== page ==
Address: 2 W. Busse Avenue
What is currently at that address: Blues Bar
2 W. Busse has ties to a number of important businesses and people in the history of Mount Prospect. It was built in 1912 and was used as the home of William Busse’s Hardware store. When it was built, Mount Prospect did not have electricity or indoor plumbing. The village was not to be incorporated for another five years and there wasn’t a foot of paved road in town. The population was still predominantly German and tied to railroads and the farms. This store established the Busse family as a commercial interest in Mount Prospect and helped to put Mount Prospect on the map. The building was constructed by hand by local tradesmen and is the oldest brick building standing in Mount Prospect.
Originally the building had a flat façade with simple geometric brick design along the cornice. Later, in 1928 an addition was put onto the front of the building over the original two central windows on the second floor that extended about two feet out from the front of the building and peaked about three feet above the roof line. This new façade was built with half timbered design and was meant to match the building next to it that had been built in 1927.
William Busse’s Store grew rapidly from its opening and was soon selling farm implements and all sorts of goods. In fact, before the building was even completed, it became the first car dealership in town. The story is that William Busse was in Chicago in 1908, walking down Michigan Ave with one of his business partners, Barney Franzen. They passed by a Buick dealer and became fascinated by a car in the window. William Busse was interested in the car but was a little cautious. He and his business associate agreed to go into it together. They each bought one of the cars and William Busse was thrilled with it. Two years later he decided to upgrade from a two to a four-cylinder car and went back to the Buick dealer. He was so impressed by the car that he contacted the manufacturer and told them that he was interested in becoming a local agent. He was informed that the dealers in Chicago had agreements that covered the entirety of the county. Two years later, while William and his son Albert were on the roof of the 2 W. Busse building, laying the last of the shingles, a stranger climbed up the ladder. It turned out that this man was a Buick representative and that he had come to offer William Busse a local agency for selling Buicks. He brought the paper work with him and William Busse jumped at the opportunity. He signed the paper work right there on top of the roof and Busse Buick was born.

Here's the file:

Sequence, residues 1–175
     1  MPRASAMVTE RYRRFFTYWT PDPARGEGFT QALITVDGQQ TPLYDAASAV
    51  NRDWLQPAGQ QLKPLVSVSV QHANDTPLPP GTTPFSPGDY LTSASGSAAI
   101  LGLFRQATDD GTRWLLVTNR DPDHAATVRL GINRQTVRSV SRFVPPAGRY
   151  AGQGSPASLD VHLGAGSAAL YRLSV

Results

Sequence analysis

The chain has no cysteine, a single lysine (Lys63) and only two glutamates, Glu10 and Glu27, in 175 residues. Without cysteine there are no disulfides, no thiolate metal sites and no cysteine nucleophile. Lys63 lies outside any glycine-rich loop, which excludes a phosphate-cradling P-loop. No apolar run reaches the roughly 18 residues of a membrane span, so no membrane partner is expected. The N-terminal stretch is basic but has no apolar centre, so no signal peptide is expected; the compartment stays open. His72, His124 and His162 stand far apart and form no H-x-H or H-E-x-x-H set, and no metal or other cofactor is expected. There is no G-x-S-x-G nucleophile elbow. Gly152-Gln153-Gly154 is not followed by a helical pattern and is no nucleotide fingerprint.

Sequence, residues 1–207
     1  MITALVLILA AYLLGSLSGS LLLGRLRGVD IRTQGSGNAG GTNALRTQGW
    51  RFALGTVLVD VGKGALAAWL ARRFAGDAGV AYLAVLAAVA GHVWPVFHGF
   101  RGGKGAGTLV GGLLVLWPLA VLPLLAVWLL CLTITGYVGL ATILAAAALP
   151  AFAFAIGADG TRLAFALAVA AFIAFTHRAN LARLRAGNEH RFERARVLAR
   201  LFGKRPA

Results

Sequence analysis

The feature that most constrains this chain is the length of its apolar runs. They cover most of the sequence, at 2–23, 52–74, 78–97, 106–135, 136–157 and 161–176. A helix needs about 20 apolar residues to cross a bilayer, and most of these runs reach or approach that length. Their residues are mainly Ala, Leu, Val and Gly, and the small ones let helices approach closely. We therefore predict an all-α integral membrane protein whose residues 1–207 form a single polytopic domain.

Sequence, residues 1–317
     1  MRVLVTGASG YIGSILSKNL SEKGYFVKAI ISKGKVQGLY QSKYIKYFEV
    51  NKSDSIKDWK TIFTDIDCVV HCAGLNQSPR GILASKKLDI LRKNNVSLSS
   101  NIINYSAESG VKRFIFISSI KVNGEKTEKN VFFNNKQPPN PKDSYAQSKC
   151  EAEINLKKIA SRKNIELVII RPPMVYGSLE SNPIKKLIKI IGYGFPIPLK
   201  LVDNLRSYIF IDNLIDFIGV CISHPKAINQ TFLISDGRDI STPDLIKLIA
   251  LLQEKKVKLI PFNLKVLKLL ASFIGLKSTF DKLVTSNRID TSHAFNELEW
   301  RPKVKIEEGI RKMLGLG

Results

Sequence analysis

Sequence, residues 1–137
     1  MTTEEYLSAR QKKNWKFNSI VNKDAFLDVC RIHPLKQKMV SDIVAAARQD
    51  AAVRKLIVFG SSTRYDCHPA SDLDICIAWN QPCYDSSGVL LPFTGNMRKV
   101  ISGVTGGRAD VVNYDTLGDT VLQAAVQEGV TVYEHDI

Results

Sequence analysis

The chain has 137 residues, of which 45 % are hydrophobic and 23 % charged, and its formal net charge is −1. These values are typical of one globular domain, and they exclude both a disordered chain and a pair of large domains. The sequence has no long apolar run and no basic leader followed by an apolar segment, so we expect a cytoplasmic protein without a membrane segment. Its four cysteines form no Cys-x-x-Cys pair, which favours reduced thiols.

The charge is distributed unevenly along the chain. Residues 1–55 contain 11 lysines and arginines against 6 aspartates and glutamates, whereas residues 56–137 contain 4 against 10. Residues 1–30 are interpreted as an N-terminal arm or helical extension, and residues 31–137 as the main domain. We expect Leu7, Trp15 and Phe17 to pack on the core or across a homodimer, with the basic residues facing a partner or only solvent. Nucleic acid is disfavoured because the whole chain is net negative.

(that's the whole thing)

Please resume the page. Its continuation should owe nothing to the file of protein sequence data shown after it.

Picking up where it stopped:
At first the dealer ship had no garage. They would display the new cars on the street in front of the hardware store and at night they would roll them into the back of the store. In 1915, they built a cement block structure next door and began to offer full service repairs. In 1918 they built a new garage on 30 S. Main Street. They expanded this location in 1921 and it was finally complete in 1928. A year earlier the cinderblock structure was demolished to build the building that is today next door.